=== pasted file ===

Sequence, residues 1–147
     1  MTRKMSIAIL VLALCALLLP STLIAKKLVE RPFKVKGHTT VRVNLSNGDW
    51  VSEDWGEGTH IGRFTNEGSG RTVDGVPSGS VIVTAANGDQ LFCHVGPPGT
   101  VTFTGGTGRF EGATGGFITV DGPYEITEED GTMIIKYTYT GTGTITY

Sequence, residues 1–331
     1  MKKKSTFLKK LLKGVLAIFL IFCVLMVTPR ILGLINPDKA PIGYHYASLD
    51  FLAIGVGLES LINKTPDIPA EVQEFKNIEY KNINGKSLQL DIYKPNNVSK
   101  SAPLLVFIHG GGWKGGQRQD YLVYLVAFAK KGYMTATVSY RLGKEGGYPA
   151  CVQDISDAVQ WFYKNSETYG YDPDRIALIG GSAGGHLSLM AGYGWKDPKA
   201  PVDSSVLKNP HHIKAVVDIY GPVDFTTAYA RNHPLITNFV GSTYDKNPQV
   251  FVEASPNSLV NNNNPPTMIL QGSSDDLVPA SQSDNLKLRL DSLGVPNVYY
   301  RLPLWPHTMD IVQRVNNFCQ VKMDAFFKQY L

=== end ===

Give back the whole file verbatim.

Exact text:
Sequence, residues 1–147
     1  MTRKMSIAIL VLALCALLLP STLIAKKLVE RPFKVKGHTT VRVNLSNGDW
    51  VSEDWGEGTH IGRFTNEGSG RTVDGVPSGS VIVTAANGDQ LFCHVGPPGT
   101  VTFTGGTGRF EGATGGFITV DGPYEITEED GTMIIKYTYT GTGTITY

Sequence, residues 1–331
     1  MKKKSTFLKK LLKGVLAIFL IFCVLMVTPR ILGLINPDKA PIGYHYASLD
    51  FLAIGVGLES LINKTPDIPA EVQEFKNIEY KNINGKSLQL DIYKPNNVSK
   101  SAPLLVFIHG GGWKGGQRQD YLVYLVAFAK KGYMTATVSY RLGKEGGYPA
   151  CVQDISDAVQ WFYKNSETYG YDPDRIALIG GSAGGHLSLM AGYGWKDPKA
   201  PVDSSVLKNP HHIKAVVDIY GPVDFTTAYA RNHPLITNFV GSTYDKNPQV
   251  FVEASPNSLV NNNNPPTMIL QGSSDDLVPA SQSDNLKLRL DSLGVPNVYY
   301  RLPLWPHTMD IVQRVNNFCQ VKMDAFFKQY L